In Zoe Kazan's new movie, What If, her character, an animator named Chantry, has a meet cute with Daniel Radcliffe's Wallace in front of a fridge covered in magnetic poetry. They have an instant connection. She has a boyfriend. Over the course of the film, which charts Chantry and Wallace's friendship—he, naturally, likes her, despite the fact that she's otherwise romantically attached—there are grand romantic gestures both failed (an ill-advised trip across seas) and adorable (a Fool's Gold sandwich will warm your heart from here on out). The movie feels on many levels like a classic romantic comedy. 

And, yet, What If feels totally fresh, and a worthy choice for Kazan, a multi-hyphenate Broadway veteran who wrote and starred in 2012's Ruby Sparks, which explored what men and women expect out of relationships with a fantastical bent. 

The Wire grabbed a few moments with Kazan during the What If press day earlier this week and chatted about the movie, romantic comedies, and the current state of the Manic Pixie Dream Girl.  

The movie had a bunch of familiar rom com traits, but was really well written and did it in an interesting way. What drew you in? 

Exactly what you're talking about. The script I thought was so funny and so sharp. It made me laugh out loud just reading it, and I thought it did what you're talking about, taking a lot of romantic comedy tropes and turning them on their head. When I talked to [screenwriter] Elan [Mastai] about that, he told me that was very much purposeful on his part. 

I just thought it was a really relatable situation. I know I and a lot of my girlfriends have been in some degree of a situation like that. I think a lot of women respond to that. 

People keep sounding the death knell for romantic comedy, but these stories can still be told in interesting ways. You are also a screenwriter and who explored relationships in Ruby Sparks. When you're reading a script how are you looking at gender roles? 

Look, I think a great romantic comedy is just a great movie. The ones that we love and return to are the ones that speak to us at a cinematic level and at a personal level. I think there's a lot of fluff that gets made and stored under the romantic comedy label, that dilutes the genre. When I read this I just thought, well, they're not going to make this movie. Then when I met with Mike Dowse and having seen Goon, I thought he comes to it from a really unique perspective. He's an ex-football player, ex-hockey player. He's an enormous dude with a very masculine sense of humor. And then Elan Mastai, our writer, is a very sweet, sensitive, neurotic feminist. There was a good balance between them where I thought this is not going to be sentimental, this going to represent women well. I had a lot of confidence in them. 

Obviously a lot of the members of the creative team are men, but it felt like it very evenly told each side of the story. Did you have any input in that? 

No, it was just there from the start and it was definitely one of the things that I really got into about it. I think there are good romantic comedies that are from a solely male or solely female perspective, but I think back to Sleepless in Seattle or When Harry Met Sally... or The Apartment. I really like movies where I feel you get both sides of the issue. It's not so clear cut.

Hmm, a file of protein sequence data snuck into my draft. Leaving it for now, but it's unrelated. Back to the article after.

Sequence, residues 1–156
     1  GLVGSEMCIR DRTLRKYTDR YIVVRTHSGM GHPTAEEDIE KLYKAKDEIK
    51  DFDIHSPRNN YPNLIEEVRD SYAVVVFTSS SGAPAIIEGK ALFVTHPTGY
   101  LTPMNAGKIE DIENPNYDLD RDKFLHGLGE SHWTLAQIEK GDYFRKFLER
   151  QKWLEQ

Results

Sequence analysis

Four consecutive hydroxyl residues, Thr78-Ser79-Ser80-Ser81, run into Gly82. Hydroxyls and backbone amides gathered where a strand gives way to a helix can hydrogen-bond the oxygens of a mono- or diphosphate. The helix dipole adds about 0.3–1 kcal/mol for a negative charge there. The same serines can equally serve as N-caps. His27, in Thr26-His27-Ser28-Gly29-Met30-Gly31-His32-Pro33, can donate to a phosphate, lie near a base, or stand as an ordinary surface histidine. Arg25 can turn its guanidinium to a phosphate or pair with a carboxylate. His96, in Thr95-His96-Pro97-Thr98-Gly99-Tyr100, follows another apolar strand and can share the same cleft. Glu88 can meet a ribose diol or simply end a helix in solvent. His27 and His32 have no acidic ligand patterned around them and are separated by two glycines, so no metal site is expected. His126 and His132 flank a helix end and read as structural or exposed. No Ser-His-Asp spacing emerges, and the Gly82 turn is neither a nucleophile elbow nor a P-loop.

Switching gears a little, I saw that you tweeted out Nathan Rabin's recent story about about the Manic Pixie Dream Girl, which quoted you. I was wondering what your reaction to reading that piece was. 

I thought he wrote a really intelligent essay about what had happened to the trope that he had identified. The reason that I wrote to him was that I felt like there had been a lot of unintelligent discussion about it which was using the trope or the label as a way of putting a box around any character that was quirky in any way. I thought that when he first coined the term that it was a really smart way of identifying a way in which women were being underwritten—female characters—and I thought that what had happened to the label is that it had become too widely applied in a way that was actually denigrating to women. So I was really impressed. He could have just disavowed the term entirely, but I thought he did a really good job of parsing out why he had invented this trope and what had happened to it, and I appreciated the nuance with which he was writing about it. 

I had read the piece and your tweet before seeing What If, and Chantry is a well-written character, but you could also see people labeling her, because of say the fact that she goes to a knitting group and has quirky interests—

But I don't even know how quirky those interests are. First of all the knitting culture is very widespread! But I do think there's a way in which in which non-mainstream girls can get codified in a way that makes them not subject by object. 

What If uses The Princess Bride as a jumping off point for a discussion of love. What did you think about that cultural reference as the thing that frames their viewpoints on the subjects, especially since Chantry is the one standing up for the romantic and he's the true romantic in a way? 

I think she is in a funny position because she is having to erect a boundary between them that she feels ambivalent about. She's attracted to him but she's still having to be the person that's forcing the boundary. That could make her look like a very cold person, and I think that discussion, but even her going by herself to such a romantic movie allows us to see a soft part about her early in the film when she's really having to be the one cutting the evening short and making a lot of the boundaries.